I have three children that are ages six (William), three (Rosie) and ten months (Catherine). All of them, each in their own unique way, were admirably breastfed by my wife, Meredith. Actually she is still courageously breastfeeding our ten month old girl, Catherine. After struggling with some minor fertility issues we were so happy to conceive and have our first child, William. Meredith's milk came in nicely and we were off to the races nourishing him. We had a great system set up where I would wake up early in the morning and feed our son with a bottle full of breast milk while Meredith pumped. I remember it being a great bonding experience for me with him. Meredith was producing mass amounts of milk. We coveted the milk. We fastidiously dated and properly stored it in our freezer. It was referred to as liquid gold in our daily conversation. Meredith battled milk blisters and a few bouts with mastitis but was able to successfully and naturally breastfeed our son for eighteen solid months. We had our second baby three years later. We shockingly conceived her without modern science. We had no reason to believe that this feeding experience would be any different than the last and were excited to begin. Four months into our second feeding experience a malignant melanoma spot was found on Meredith's leg. Two months later a dermatologist removed the spot. Even though the spot was relatively small the operation was extremely painful and Meredith suffered. She began favoring her right breast while feeding because of the pain in her leg and was having serious issues with milk blisters. The pain of her surgery and the milk blister issues all led to it being necessary for her to quit breastfeeding cold turkey. Cabbage leaves are known for helping women "dry out" their breasts of milk. Meredith walked around with cabbage leaves painfully attached to her breasts via an Ace Bandage for three weeks. I felt so bad for her because she was only able to breastfeed our second born for six months. Luckily our six month old little girl had no issues taking a bottle filled with formula. We kept moving forward.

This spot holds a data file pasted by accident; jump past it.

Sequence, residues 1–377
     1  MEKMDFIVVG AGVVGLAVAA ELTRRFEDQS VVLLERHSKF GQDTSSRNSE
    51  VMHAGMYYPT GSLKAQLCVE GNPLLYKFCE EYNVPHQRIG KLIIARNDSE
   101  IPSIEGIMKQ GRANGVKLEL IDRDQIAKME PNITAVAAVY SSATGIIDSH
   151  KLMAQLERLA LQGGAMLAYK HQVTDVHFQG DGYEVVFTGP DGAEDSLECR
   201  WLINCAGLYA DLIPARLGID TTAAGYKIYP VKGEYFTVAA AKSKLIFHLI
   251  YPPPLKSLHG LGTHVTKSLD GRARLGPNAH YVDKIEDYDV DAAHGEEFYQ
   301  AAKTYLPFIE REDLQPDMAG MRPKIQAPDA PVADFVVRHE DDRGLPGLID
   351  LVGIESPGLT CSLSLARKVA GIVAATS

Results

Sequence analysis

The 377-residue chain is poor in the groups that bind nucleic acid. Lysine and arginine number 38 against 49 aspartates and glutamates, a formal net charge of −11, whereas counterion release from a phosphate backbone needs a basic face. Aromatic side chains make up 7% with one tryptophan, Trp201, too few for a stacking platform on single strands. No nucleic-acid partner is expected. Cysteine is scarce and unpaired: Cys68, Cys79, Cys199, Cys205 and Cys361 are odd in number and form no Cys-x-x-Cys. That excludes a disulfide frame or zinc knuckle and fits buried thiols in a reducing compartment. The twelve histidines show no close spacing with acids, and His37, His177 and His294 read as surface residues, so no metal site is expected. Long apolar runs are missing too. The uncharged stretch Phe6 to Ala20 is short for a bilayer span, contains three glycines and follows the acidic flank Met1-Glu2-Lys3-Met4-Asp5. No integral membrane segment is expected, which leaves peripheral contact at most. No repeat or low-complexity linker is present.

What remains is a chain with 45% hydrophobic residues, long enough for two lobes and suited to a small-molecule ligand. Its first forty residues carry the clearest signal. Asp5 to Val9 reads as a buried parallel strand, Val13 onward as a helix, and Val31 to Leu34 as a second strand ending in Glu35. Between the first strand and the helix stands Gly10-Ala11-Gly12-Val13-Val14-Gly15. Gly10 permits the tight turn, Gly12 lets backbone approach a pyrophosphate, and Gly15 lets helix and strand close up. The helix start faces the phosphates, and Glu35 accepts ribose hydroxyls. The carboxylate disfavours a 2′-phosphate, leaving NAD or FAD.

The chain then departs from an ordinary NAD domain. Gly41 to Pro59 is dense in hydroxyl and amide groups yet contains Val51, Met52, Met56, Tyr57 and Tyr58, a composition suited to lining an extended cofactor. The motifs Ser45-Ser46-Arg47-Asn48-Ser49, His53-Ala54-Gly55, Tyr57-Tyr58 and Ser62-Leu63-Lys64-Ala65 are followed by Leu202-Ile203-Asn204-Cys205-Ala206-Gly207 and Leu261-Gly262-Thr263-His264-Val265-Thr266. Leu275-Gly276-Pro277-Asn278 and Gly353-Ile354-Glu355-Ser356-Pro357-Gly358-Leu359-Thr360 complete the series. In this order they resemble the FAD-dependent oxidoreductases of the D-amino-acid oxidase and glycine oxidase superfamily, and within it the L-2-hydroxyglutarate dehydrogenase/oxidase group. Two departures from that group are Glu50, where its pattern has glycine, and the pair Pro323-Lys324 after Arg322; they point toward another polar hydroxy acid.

We had planned on only having two children. Our second born was a miracle in our eyes. We had a boy and a girl and felt blessed. I had my sites set on a vasectomy. I just did not have one quite soon enough. In December of 2013 we travelled to Atlanta to see Pink's, Truth About Love Tour final concert. It was a great show and we really had a blast! We even went out to the legendary Clermont Lounge for a bit more dancing and partying after the show. We have always had a healthy relationship and of course brought the party back to our downtown Atlanta loft adult playground for the night. Conception was imminent. I began noticing a change in Meredith the week between Christmas and New Years. A change that I was easily able to recognize after experiencing two pregnancies. She was moody and my gut was telling me something. I was shopping at our local grocery store and stopped by the pharmacy to purchase a pregnancy test. As our pharmacist rang me up I asked her if she could guarantee a negative test. She gave me a playful laugh.